Kajla, P., Sharma, A., & Sood, D. R. (2015). Flaxseed: A potential functional food source. J Food Sci Technol, 52(4), 1857-1871. DOI: 10.1007/s13197-014-1293-y

3.

Saxena, S., & Katare, C. (2014). Evaluation of flaxseed formulation as a potential therapeutic agent in mitigation of dyslipidemia. Biomed J, 37(6), 386-90. DOI: 10.4103/2319-4170.126447

4.


Mani, U. V., Mani, I., Biswas, M., & Kumar, S. N. (2011). An open-label study on the effect of flax seed powder (linum usitatissimum) supplementation in the management of diabetes mellitus. J Diet Suppl, 8(3), 257-65. DOI: 10.3109/19390211.2011.593615


5.


Kristensen, M., Jensen, M. G., Aarestrup, J., Petersen, K., Sondergaard, L., Mikkelsen, M. S., & Astrup, A. (2012). Flaxseed dietary fibers lower cholesterol and increase fecal fat excretion, but magnitude of effect depend on food type. Nutr Metab (Lond), DOI: 10.1186/1743-7075-9-8


6.

Campos, H., Baylin, A., & Willett, W. C. (2008). Alpha-linolenic acid and risk of nonfatal acute myocardial infarction. Circulation, 118(4), 339-45. DOI: 10.1161/CIRCULATIONAHA.107.762419

7.

Pan, A., Chen, M., Chowdhury, R., Wu, J. H. Y., Sun, Q., Campos, H., Mozaffarian, D., & Hu, F. B. (2012). α-Linolenic acid and risk of cardiovascular disease: A systematic review and meta-analysis. Am J Clinical Nutrition, 96(6), 1262-73. DOI: 10.3945/ajcn.112.044040

8.

Reaney, J. T. (2014). Flaxseed (Linum usitatissimum L.) bioactive compounds and peptide nomenclature: A review. Trends in Food Science & Technology, 38(1), 5-20.

9.

Chung, M. W. Y., Lei, B., & Li-Chan, E. C. Y. (2005). Isolation and structural characterization of the major protein fraction from NorMan flaxseed (Linum usitatissimum L.). Food Chemistry, 90(1-2), 271-279.

10.

Rabetafika, H. N., Remoortel, V., Danthine, S., Paquot, M., & Blecker, C. (2011). Flaxseed proteins: Food uses and health benefits. International Journal of Food Science & Technology, https://doi.org/10.1111/j.1365-2621.2010.02477.x

11.

Udenigwe, C. C., & Aluko, R. E. (2010). Antioxidant and angiotensin converting enzyme-inhibitory properties of a flaxseed protein-derived high fischer ratio peptide mixture. J Agric Food Chem, 58(8), 4762-4768. https://doi.org/10.1021/jf100149w

12.

Xu, Y., Hall 3rd, C., & Wolf-Hall, C. (2008). Antifungal activity stability of flaxseed protein extract using response surface methodology. J Food Sci, 73(1), M9-14. DOI: 10.1111/j.1750-3841.2007.00576.x

13.

McCann, S. E., Wactawski-Wende, J., Kufel, K., Olson, J., Ovando, B., Kadlubar, S. N., Davis, W., Carter, L., Muti, P., Shields, P. G., & Freudenheim, J. L. (2007). Changes in 2-hydroxyestrone and 16alpha-hydroxyestrone metabolism with flaxseed consumption: Modification by COMT and CYP1B1 genotype. Cancer Epidemiol Biomarkers Prev, 16(2), 256-62. DOI: 10.1158/1055-9965.EPI-06-0633

14.

Lowcock, E. C., Cotterchio, M., & Boucher, B. A. (2013). Consumption of flaxseed, a rich source of lignans, is associated with reduced breast cancer risk. Cancer Causes Control, 24(4), 813-6. DOI: 10.1007/s10552-013-0155-7

15.

Rodriguez-Leyva, D., Weighell, W., Edel, A. L., LaVallee, R., Dibrov, E., Pinneker, R., Maddaford, T. G., Ramjiawan, B., Aliani, M., Guzman, R., & Pierce, G. N. (2013). Potent antihypertensive action of dietary flaxseed in hypertensive patients. Hypertension, 62(6), 1081-9. DOI: 10.1161/HYPERTENSIONAHA.113.02094

16.

Khalesi, S., Irwin, C., & Schubert, M. (2015). Flaxseed consumption might reduce blood pressure: A systematic review and meta-analysis of controlled trials. J Nutr, 145(4), 758-65. DOI: 10.3945/jn.114.205302

17.

Lewington, S., Clarke, R., Qizilbash, N., Peto, R., Collins, R., & Prospective Studies Collaboration. (2002). Age-specific relevance of usual blood pressure to vascular mortality: A meta-analysis of individual data for one million adults in 61 prospective studies. Lancet, 360(9349). 1903-13. DOI: 10.1016/s0140-6736(02)11911-8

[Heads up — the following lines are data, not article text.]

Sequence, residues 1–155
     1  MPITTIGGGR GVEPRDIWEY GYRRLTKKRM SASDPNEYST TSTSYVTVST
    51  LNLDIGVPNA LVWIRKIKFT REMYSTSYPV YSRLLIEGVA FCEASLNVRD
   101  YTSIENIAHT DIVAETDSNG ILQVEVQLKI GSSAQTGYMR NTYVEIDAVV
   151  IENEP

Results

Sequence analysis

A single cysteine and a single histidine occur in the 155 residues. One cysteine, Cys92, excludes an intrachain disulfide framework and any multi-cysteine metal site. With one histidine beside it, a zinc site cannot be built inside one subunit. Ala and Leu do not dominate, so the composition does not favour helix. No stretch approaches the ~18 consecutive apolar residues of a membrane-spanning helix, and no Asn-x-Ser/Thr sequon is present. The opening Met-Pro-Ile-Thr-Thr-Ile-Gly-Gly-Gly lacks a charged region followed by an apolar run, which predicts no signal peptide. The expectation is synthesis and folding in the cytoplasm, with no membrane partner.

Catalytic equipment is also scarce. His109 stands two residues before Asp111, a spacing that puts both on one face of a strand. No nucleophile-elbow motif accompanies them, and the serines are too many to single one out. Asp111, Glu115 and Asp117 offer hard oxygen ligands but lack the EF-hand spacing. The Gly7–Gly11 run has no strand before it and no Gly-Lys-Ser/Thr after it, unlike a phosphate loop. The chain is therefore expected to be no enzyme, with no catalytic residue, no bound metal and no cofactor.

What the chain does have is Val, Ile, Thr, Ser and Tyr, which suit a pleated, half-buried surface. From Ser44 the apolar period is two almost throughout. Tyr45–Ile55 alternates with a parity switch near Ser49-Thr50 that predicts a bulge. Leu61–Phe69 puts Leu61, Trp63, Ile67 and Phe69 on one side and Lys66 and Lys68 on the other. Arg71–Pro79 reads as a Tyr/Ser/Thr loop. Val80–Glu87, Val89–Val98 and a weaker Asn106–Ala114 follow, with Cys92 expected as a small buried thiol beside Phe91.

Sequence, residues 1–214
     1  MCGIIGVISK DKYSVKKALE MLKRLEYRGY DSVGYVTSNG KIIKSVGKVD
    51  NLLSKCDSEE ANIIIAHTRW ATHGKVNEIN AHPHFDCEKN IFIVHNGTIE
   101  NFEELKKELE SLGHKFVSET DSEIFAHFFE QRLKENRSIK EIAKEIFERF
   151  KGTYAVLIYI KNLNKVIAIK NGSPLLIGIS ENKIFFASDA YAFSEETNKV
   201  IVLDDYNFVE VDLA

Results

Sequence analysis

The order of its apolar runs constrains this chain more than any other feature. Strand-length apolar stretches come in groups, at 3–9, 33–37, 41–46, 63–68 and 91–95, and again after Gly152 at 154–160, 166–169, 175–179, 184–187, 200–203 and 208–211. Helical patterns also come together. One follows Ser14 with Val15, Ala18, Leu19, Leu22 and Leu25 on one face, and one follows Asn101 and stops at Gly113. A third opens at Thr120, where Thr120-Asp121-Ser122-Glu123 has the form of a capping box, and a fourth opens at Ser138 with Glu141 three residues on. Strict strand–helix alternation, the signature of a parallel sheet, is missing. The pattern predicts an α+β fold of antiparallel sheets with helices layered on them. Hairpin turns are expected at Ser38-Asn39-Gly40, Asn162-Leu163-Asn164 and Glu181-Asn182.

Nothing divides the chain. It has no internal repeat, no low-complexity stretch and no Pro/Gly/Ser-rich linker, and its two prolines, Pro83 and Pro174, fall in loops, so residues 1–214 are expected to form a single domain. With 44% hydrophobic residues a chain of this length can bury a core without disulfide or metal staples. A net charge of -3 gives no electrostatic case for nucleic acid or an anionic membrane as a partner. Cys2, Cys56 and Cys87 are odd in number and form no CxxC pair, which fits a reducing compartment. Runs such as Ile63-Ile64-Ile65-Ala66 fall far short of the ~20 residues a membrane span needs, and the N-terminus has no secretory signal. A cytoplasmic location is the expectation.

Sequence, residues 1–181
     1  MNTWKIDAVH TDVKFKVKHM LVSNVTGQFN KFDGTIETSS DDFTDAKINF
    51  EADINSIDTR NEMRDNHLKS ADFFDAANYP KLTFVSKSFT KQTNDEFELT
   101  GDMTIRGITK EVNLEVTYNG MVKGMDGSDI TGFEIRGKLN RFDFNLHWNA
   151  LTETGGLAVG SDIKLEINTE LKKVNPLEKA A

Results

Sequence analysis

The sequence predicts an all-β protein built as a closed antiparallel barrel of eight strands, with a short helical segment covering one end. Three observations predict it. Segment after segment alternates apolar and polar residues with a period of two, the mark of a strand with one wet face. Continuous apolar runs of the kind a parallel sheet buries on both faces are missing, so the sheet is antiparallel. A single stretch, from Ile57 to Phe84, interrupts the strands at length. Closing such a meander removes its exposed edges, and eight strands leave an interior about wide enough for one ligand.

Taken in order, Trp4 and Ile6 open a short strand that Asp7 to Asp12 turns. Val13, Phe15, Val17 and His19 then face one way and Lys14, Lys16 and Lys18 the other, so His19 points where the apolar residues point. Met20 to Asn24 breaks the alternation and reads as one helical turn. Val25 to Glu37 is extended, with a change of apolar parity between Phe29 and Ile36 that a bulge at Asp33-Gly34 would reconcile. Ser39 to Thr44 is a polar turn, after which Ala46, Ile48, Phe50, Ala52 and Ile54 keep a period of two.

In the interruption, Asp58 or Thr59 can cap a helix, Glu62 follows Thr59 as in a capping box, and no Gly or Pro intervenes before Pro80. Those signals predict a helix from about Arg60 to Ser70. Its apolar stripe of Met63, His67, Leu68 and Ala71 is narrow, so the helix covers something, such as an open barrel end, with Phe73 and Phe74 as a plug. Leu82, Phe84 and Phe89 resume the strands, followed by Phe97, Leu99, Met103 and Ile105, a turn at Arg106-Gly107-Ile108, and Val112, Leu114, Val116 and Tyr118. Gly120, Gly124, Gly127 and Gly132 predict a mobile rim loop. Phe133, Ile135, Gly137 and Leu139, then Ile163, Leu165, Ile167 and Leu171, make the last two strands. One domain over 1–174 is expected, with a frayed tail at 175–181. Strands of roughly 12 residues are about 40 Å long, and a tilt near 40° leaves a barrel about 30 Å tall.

18.

Mani, U. V., Mani, I., Biswas, M., & Kumar, S. N. (2011). An open-label study on the effect of flax seed powder (Linum usitatissimum) supplementation in the management of diabetes mellitus. J Diet Suppl, 8(3), 257-65. DOI: 10.3109/19390211.2011.593615

19.

Kapoor, S., Sachdeva, R., & Kochhar, A. (2011). Efficacy of flaxseed supplementation on nutrient intake and other lifestyle pattern in menopausal diabetic females. Studies on Ethno-Medicine, DOI:10.1080/09735070.2011.11886403

20.

Nazni, P., Amirthaveni, M., & Vijayakumar, T. P. (2006). Impact of flaxseed based therapeutic food on selected type II diabetic patients. Indian Journal of Nutrition and Dietetics, 43(4), http://www.informaticsjournals.com/index.php/ijnd/article/view/6349

21.

Thakur, G., Mitra, A., Pal, K., & Rousseau, D. (2009). Effect of flaxseed gum on reduction of blood glucose and cholesterol in type 2 diabetic patients. Int J Food Sci Nutr, DOI: 10.1080/09637480903022735

22.

Ibrugger, S., Kristensen, M., Mikkelsen, M. S., & Astrup, A. (2012). Flaxseed dietary fiber supplements for suppression of appetite and food intake. Appetite, 58(2), 490-5. DOI: 10.1016/j.appet.2011.12.024

23.

Wanders, A. J., Van Den Borne, J. J. G. C., De Graaf, C., Hulshof, T., Jonathan, M. C., Kristensen, M., Mars, M., Schols, H. A., & Feskens, E. J. M. (2011). Effects of dietary fibre on subjective appetite, energy intake, and body weight: A systematic review of randomized controlled trials. Obes Rev, 12(9), 724-39. DOI: 10.1111/j.1467-789X.2011.00895.x

24.

Kristensen, M., Savorani, F., Christensen, S., Engelsen, S. B., Bugel, S., Toubro, S., Tetens, I., & Astup, A. (2013). Flaxseed dietary fibers suppress postprandial lipemia and appetite sensation in young men. Nutr Metab Cardiovasc Dis, 23(2), 136-43. DOI: 10.1016/j.numecd.2011.03.004

Leave a Comment

Your email address will not be published.

Never miss out on exclusive content and limited deals.

As a Member, you get instant access to personalized meal plans, exclusive videos & articles, discounts, a 1 on 1 Coaching Session, and so much more. As a member, you join our mission of empowering 1,000,000 people to positively change their lives throughout the world. Get started today.

Monthly

A Great Deal
$ 19
99 /month
  • 7-Day Free Trial
  • Cancel Anytime

Annual

3 Months Free
$ 179
/year
  • 3 Months Free
  • Cancel Anytime

Lifetime

Membership for Life
$ 349
  • Lifetime Access
  • Limited Availability